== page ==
Baptised by Iron Maiden, tutored by Judas Priest and Black Sabbath, and mentored by Pink Floyd I ardently sought out the angst-ridden, anti-establishment world of Thrash Metal; deliciously chewed at the beauty and brutality of Melodic Death Metal; and gloriously immersed myself in the cold, forlorn lands ruled by Black Metal. My obsession with Heavy Metal was so acute that guitar riffs inhabited my idle thoughts and I was attending the biggest concerts of my favourite bands in my dreams. My computer was the temple in which I would spend countless hours at the altar of my speakers, enthralled, enraged and enlightened by the music of my metal gods. And almost every day at 2:00 a.m. (Remember BSNL broadband?) I would observe the ritual of downloading new music to be added to an ever-growing pantheon of demonic deities. So intoxicated was I with Heavy Metal, that I began to crave for it incessantly, and resolved to buy myself an MP3 player with my first salary once I got out of college. And buy an MP3 player I did, once again from a cramped electronics store in the narrow alleys of SP Road. I immediately felt musical freedom and then realised, a bit later, that I had also attained economic freedom. But my dependence on my computer to load songs into my MP3 player taught me that freedom was not infinite. As much as I enjoyed the convenience of listening to music whenever and wherever I wanted to, I soon realised that I couldn’t quite immerse myself into the music, and violently headbang to it, as much as I could while listening through my desktop speakers. This was primarily due to two reasons: the logistical issue of earphones falling off and for fear of looking silly in public places. I learned that freedom is not one dimensional: while the portable MP3 player allowed me to listen to music at any time and in any place, the rooted desktop speakers gave me the fullest and most immersive experience.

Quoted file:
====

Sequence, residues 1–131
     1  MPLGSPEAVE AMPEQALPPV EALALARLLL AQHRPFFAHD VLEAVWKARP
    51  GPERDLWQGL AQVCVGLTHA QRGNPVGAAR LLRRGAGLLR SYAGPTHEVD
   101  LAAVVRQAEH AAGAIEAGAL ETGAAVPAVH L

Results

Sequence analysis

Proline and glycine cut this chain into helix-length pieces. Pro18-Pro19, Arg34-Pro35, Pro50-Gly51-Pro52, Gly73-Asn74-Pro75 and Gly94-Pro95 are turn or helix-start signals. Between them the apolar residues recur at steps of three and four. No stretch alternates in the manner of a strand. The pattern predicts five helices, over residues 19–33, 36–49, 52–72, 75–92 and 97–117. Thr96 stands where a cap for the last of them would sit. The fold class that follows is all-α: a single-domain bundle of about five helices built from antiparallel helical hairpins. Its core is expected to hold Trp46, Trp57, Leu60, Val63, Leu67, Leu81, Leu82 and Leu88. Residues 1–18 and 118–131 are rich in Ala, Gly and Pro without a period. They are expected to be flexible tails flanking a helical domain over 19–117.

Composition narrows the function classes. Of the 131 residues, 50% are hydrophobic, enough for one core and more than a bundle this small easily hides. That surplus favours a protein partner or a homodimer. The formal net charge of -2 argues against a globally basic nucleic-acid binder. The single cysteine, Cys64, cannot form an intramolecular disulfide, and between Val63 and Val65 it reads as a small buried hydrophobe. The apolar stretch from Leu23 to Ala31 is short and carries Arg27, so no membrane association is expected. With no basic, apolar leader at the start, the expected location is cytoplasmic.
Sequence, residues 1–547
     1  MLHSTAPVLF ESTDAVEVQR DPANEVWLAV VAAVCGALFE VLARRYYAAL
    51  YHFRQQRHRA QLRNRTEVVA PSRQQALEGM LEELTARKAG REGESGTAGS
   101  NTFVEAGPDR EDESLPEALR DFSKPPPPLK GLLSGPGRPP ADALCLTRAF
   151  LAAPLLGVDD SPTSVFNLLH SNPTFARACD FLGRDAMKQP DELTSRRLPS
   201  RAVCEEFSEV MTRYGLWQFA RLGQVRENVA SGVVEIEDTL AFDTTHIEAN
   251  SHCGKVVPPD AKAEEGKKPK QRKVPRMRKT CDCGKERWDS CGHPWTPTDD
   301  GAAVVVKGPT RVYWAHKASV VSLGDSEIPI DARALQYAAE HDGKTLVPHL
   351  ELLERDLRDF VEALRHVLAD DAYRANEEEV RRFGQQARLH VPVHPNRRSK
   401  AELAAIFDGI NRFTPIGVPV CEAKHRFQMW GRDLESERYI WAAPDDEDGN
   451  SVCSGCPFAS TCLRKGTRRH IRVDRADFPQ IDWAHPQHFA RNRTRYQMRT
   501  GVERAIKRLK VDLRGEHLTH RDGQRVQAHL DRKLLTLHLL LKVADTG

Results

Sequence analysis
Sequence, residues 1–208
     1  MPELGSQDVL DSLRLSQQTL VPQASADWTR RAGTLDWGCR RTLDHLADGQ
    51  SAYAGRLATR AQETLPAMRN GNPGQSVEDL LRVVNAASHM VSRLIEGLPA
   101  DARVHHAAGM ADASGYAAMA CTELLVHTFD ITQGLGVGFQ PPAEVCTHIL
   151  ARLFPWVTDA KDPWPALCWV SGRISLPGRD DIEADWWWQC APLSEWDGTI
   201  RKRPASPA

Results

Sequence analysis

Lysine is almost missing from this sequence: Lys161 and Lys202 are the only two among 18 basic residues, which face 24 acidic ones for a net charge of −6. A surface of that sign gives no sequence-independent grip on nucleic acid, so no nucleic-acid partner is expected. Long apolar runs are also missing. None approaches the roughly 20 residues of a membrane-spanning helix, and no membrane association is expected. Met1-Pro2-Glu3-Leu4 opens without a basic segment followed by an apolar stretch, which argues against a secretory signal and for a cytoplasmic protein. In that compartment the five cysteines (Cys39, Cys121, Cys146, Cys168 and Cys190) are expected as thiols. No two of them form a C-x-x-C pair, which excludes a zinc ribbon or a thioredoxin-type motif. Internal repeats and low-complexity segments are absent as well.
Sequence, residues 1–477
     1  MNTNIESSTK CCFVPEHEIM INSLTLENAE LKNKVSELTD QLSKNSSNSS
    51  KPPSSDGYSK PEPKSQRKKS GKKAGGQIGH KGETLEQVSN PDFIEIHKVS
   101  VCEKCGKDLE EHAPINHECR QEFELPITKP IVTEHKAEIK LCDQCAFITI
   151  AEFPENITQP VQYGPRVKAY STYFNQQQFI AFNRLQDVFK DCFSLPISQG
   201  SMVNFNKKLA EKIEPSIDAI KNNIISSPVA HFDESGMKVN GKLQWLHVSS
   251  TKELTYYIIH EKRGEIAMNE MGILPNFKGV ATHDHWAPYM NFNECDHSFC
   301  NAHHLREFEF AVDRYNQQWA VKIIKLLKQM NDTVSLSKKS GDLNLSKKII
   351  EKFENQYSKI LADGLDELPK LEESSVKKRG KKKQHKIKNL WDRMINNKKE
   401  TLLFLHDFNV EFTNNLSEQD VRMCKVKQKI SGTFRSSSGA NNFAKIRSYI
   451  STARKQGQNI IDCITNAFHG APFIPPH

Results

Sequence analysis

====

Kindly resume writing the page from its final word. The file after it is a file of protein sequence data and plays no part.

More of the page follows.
Father Time ploughed on, I bought a smartphone in 2014 and despite my initial steadfastness in trying to stick only to my MP3 player for my portable music needs the spectre of YouTube was too large to ignore, its allure too ubiquitous to avoid; I gave in after about a couple of years. All of a sudden, I had almost all of the world’s metal music at my fingertips and new music recommendations served on a platter. It was irresistible but also extremely distracting. In the past, listening to metal had always been an intensely personal experience for me: a chance to shut out all the bullshit happening around you and give vent to your feelings and frustrations in a way that is perfectly harmless for you  and the people around you. But with YouTube, my music listening experience was neither intense nor personal. Recommendations of unheard-of bands with gorgeously macabre album arts continually diverted my attention, and the comments section was too ‘social’ for reflective listening. Listening to music on YouTube, more often than not, felt like going to a sumptuous all-you-can-eat buffet with a full stomach: your mind seems to want the food, but your body rejects it. It was during this period that my desktop computer had to be given away to scrap, I became a husband and a father, and my MP3 player stopped working. Consequently, all hopes of turning the clock back to pre-YouTube times were dashed. It felt like being addicted to YouTube without the intoxication of Heavy Metal: music became background noise. New bands, albums and songs that I listened to hovered at the fringes of my memory like mist that faded away. Until Spiritual Instinct’s Sphinx rescued me. To what I owe this sudden re-awakening, I know not, but it has been continuing and once again I can feel the eternal intoxicant that is Heavy Metal flowing through my veins.